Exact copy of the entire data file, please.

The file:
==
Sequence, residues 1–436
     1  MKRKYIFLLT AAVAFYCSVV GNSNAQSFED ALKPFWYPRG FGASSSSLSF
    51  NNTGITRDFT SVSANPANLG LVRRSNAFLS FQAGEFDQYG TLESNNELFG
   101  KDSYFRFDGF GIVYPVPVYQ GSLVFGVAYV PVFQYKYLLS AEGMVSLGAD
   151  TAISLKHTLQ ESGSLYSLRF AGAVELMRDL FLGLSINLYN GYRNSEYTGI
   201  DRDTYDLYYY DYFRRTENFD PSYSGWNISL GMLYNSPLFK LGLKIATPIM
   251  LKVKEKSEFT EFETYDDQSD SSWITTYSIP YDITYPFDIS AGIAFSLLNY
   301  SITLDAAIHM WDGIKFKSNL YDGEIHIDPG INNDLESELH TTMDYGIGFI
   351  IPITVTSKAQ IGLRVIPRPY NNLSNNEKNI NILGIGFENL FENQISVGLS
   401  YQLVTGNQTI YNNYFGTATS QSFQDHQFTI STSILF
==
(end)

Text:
Sequence, residues 1–436
     1  MKRKYIFLLT AAVAFYCSVV GNSNAQSFED ALKPFWYPRG FGASSSSLSF
    51  NNTGITRDFT SVSANPANLG LVRRSNAFLS FQAGEFDQYG TLESNNELFG
   101  KDSYFRFDGF GIVYPVPVYQ GSLVFGVAYV PVFQYKYLLS AEGMVSLGAD
   151  TAISLKHTLQ ESGSLYSLRF AGAVELMRDL FLGLSINLYN GYRNSEYTGI
   201  DRDTYDLYYY DYFRRTENFD PSYSGWNISL GMLYNSPLFK LGLKIATPIM
   251  LKVKEKSEFT EFETYDDQSD SSWITTYSIP YDITYPFDIS AGIAFSLLNY
   301  SITLDAAIHM WDGIKFKSNL YDGEIHIDPG INNDLESELH TTMDYGIGFI
   351  IPITVTSKAQ IGLRVIPRPY NNLSNNEKNI NILGIGFENL FENQISVGLS
   401  YQLVTGNQTI YNNYFGTATS QSFQDHQFTI STSILF